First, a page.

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19-43 Segment 1: The Complicated Role of Caregiving

19-43 Segment 1: The Complicated Role of Caregiving

Many Americans place a heavy emphasis on finding and arranging care for their loved ones. This can mean shifting to a nursing home, hiring in-home professional care or even becoming the caretakers themselves. And if people take on this role of caregiver, it can be easy to quickly lose sight of one’s own personal health, wellness and relationships. We discuss the ups and downs of caregiving in a world that’s not always so straightforward and forgiving.

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The Plight Of The Strawberries

19-42 Segment 1: The Plight of the Strawberries

Strawberries are ubiquitous across the U.S. Supermarkets in every town stock cartons of fresh strawberries year round at a reasonable price. But this widespread availability may come to a halt in the near future as the industry faces several big challenges: labor shortages, climate change, sustainable farming legislation, etc. We discuss the history of the fickle fruit and how its evolved over time.

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19-42 Segment 2: Disease Detecting Dogs

19-42 Segment 2: Disease Detecting Dogs

Did you know that dogs can smell up to 100,000 times better than the average person? Most of us are familiar with service or police dogs using their nose to sniff out a particular scent, but researchers have been recently harnessing the power of a dogs nose to find malaria, diabetes and even some of the hardest-to-detect cancers.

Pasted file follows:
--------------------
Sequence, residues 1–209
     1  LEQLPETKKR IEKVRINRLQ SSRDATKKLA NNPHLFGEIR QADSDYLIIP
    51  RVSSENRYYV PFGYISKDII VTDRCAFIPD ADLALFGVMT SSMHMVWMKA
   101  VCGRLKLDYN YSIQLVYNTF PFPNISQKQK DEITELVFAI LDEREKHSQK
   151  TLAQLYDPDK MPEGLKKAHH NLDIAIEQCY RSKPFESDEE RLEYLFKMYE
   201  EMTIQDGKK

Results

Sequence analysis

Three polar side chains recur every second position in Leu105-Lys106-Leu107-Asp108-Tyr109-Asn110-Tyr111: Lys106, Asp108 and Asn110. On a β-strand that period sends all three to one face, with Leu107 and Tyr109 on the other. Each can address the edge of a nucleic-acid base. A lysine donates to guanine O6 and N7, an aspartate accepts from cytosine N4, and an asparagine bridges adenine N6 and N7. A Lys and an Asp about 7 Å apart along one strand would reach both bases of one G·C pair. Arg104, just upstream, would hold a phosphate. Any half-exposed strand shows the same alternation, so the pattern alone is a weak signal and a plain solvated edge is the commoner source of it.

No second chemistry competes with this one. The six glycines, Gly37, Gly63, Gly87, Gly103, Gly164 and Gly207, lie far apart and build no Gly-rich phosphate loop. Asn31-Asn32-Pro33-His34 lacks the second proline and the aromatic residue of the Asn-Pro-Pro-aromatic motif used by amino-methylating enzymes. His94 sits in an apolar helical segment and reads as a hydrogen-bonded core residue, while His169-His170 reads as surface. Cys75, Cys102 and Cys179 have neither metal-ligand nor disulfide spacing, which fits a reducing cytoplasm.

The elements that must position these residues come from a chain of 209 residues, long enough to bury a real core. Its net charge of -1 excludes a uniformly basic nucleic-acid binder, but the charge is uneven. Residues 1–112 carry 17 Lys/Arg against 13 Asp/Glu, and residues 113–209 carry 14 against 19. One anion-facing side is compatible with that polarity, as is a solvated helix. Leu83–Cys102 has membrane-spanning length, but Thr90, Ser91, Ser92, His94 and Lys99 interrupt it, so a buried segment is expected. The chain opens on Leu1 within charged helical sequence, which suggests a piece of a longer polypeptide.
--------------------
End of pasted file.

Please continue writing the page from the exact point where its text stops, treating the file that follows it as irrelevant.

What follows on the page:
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19-41 Segment 1: Discovering Death: A Mortician’s Guide To Life

What happens if you pass away on an airplane or in outer space? Why do bugs only eat certain parts of your body? These are some of the questions Caitlin Doughty answers everyday and in her new book “Will My Cat Eat My Eyeballs?” Viewpoints spoke with Doughty about why discussing death is still such a taboo topic in the U.S. and how our burial and funeral practices vary widely from other cultures.

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19-41 Segment 2: Disposable Fashion No More: Is The Industry Really Changing?

The retail giant, Forever 21 was once a prominent leader in the trendy style category for teens and young adults, boasting the latest fashions at bare bone prices. But earlier this month, the company filed for Chapter 11 bankruptcy citing decreased sales and increased online competition. For many industry analysts and experts, the recent news has also signaled a shift in consumer shopping habits and the potential decline of fast fashion. We speak with journalist and author Dana Thomas about the fast fashion industry, its negative effects and if consumers are really starting to change the way they shop.

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19-40 Segment 1: The Summer of Spiked Seltzer

19-40 Segment 1: The Summer of Spiked Seltzer

If you were at a beach or barbecue this summer, there was probably a box of White Claw, Truly or Bon & Viv spiked seltzers somewhere in the vicinity. These canned, around 100-calorie alcoholic beverages have been the hottest drink craze of 2019 and beverage industry experts predict that the hype isn’t going to end anytime soon. Viewpoints spoke with Jim Koch, the founder of Samuel Adams and Boston Beer Company (which produces Truly Spiked Seltzer), along with two other industry experts to get the inside scoop on why hard seltzers are just so popular among all types of consumers.

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19-40 Segment 2: Raising A Reader: The Importance of Books in Today’s Digital Age

19-40 Segment 2: Raising A Reader: The Importance of Books in Today’s Digital Age

These days physical books have a lot of competition. From TV to smartphone use, it can be hard to switch it all off and dive into a new book. That’s why it’s so important to start a routine of reading and storytime from the get-go with your child. We discuss how children’s books have changed over the years and how to go about finding the best books for each age and interest.

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Inside Look: The Summer of Spiked Seltzer